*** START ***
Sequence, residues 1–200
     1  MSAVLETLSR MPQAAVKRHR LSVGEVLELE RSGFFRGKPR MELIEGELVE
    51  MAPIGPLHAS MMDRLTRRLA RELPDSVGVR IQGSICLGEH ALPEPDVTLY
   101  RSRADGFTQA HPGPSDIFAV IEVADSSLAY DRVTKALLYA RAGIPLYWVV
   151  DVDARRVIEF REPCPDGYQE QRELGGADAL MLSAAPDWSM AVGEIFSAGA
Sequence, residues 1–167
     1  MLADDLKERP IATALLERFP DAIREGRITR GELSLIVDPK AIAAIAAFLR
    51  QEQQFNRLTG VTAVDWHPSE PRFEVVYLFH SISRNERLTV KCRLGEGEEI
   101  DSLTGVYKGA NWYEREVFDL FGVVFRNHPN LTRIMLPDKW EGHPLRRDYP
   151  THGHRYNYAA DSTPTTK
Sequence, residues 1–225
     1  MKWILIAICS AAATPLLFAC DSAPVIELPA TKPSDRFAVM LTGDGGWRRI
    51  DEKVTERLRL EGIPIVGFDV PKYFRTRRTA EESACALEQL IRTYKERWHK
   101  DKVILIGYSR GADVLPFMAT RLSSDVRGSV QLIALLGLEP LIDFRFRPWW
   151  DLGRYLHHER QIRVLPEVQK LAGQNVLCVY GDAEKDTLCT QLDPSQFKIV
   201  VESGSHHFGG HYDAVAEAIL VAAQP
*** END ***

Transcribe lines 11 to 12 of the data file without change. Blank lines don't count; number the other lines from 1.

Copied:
Sequence, residues 1–225
     1  MKWILIAICS AAATPLLFAC DSAPVIELPA TKPSDRFAVM LTGDGGWRRI